By Steven Pressfield | Published: April 30, 2014
My friend Paul just finished his first novel. He has no publisher yet. He’s still got a long way to go. But he finished that sucker. He’s done. He did it.
It’s been really interesting for me to watch Paul walk through the fire. Because it is true that, for a grizzled old vet like me, the ordeal of writing does get easier over time. You forget what hell it is in the beginning.
Now here’s Paul struggling through sieges of despair and self-loathing; enduring bouts of mental and emotional paralysis; undergoing his seventeenth, eighteenth, and nineteenth nervous breakdowns, not to mention suffering through every other conceivable form of Resistance—and yet somehow he has stumbled and bumbled his way through.
I’m immensely proud of him. He has done what millions of people talk about, but damn few actually do. And it has changed him. It’s changed who he is and how he sees himself. It’s changed how friends and family react to him. It has changed how he views his past and how he imagines his future.
Paul is not the same person that he was eighteen months ago. On the one hand, he’s grounded as he has never been before. He’s no longer dependent emotionally on the externals (women, friends, money) that had held him in thrall before. He has found his center. He has a little nuclear reactor in his pocket that only he has access to, and it feels great to him.
On the other hand, he has now become a conscript to a sterner and more demanding way of life. His eyes are open. He knows he can’t fake it any more. The old dodges will not work for him. He sees through them and he sees through himself.
He’s screwed really, just like you and just like me. He’s gotta do it now. There’s no going back to the way it was before.
I asked him a couple of days ago, “Paul, now that you’ve got one book under your belt, what will you do differently when you tackle the second one? What’s the primary takeaway from this tunnel you’ve just emerged from?”
Paul answered without hesitation:
I won’t beat myself up like I did before. You know how I’d have those days, weeks even, months when I’d read over what I’d done and I’d hate it so much, and hate myself so much because what I’d written was so bad, that I absolutely paralyzed myself? I won’t do that the next time. It’s Resistance. You’re driving yourself crazy. The shit is gonna be ugly the first time through. That’s all there is to it.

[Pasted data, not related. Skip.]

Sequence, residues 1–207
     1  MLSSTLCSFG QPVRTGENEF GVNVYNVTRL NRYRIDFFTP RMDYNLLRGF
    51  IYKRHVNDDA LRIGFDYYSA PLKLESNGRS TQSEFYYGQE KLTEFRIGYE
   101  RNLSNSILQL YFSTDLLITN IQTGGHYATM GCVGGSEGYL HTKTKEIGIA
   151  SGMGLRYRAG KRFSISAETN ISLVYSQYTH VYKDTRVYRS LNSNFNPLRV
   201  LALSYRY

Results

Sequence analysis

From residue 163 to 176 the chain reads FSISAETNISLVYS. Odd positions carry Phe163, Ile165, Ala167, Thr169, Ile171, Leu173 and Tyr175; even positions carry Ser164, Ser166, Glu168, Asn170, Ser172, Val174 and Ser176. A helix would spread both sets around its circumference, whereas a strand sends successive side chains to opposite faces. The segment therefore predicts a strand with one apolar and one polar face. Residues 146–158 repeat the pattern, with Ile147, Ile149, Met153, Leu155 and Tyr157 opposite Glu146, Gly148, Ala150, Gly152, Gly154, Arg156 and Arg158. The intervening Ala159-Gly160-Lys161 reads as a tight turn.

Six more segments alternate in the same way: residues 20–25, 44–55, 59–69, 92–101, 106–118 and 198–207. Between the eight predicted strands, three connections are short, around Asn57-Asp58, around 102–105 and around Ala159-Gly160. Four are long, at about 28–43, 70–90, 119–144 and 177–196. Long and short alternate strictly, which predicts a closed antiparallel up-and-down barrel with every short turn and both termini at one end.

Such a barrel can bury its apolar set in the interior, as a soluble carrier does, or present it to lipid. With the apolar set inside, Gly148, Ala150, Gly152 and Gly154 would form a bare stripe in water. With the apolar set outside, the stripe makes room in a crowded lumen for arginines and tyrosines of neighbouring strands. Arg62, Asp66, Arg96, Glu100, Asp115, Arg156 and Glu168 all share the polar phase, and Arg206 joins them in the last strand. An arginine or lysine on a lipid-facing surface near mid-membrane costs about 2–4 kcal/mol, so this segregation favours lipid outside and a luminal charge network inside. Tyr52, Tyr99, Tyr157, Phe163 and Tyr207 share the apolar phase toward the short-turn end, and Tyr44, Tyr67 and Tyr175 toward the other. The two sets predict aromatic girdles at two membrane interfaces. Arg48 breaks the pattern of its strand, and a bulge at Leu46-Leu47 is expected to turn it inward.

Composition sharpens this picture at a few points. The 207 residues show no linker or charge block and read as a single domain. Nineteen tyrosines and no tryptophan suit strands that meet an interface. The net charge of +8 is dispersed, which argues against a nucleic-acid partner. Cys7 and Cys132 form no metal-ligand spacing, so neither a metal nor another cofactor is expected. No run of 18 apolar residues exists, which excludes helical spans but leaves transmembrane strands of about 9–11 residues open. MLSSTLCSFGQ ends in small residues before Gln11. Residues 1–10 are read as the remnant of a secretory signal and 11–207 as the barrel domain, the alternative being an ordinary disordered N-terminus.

We talked about the “Bad on Tuesday, Great on Thursday” phenomenon: how the same page that you hated forty-eight hours ago suddenly looks amazingly good to you.
What changed? Nothing. You wrote a great page but you couldn’t see it. You’re so ready to judge yourself—and judge yourself harshly—that you lose all objectivity and perspective.
I’m not going to let that happen on the next one. I’m not gonna censor myself. I’m not gonna judge my stuff. I’m gonna write pages and I’m gonna keep writing pages.
We talked about first drafts and the imperative to keep moving.
It’s like blitzkrieg. You cross the border and you start rolling. You can’t look right and you can’t look left. Don’t worry about protecting your flanks. Just keep moving.
On this first book I’d get bogged down on one page and write it over and over. The more I’d rewrite it, the more I hated it, and the more I got lost. You tell yourself you’re working to “make it better.” But in fact you’re running away from the only thing that’s important, which is finishing the damn thing, getting it done.
“It’s like a mash when they’re making whisky,” Paul said. “That’s what a first draft is. It’s not whisky yet. You can’t drink it. It needs to sit, it needs to ferment. You can’t taste it and judge it prematurely. You have to be patient, you have to forgive.”
The enemy in a first draft is not poor syntax or sloppy scene construction. Those you’ll deal with in Draft Six or Draft Ten. The enemy is Resistance. The enemy is any form of self-sabotage that will stop you from getting from Page One to The End.
The other thing about self-criticism and self-censorship is they’re an insult to the Muse. She just gave you stuff. A great gift, straight from the Quantum Soup. There it is on the page. It came out of you, but from her. So you’re gonna do what? Look at it and tell her it sucks? Tell yourself that you suck because you followed your muse?
“That’s the other big thing I’ve learned,” Paul said. “Something comes out of you—a scene, say, or even just a phrase or an exchange of dialogue—and you think to yourself, ‘That doesn’t fit. I don’t know where to put it.’ And you’re tempted to throw it away.
“But it does fit. You just haven’t figured out where. The unconscious is a hundred times smarter than we are. We’re just taking dictation.
“I gotta remember that. I gotta remember that next time.”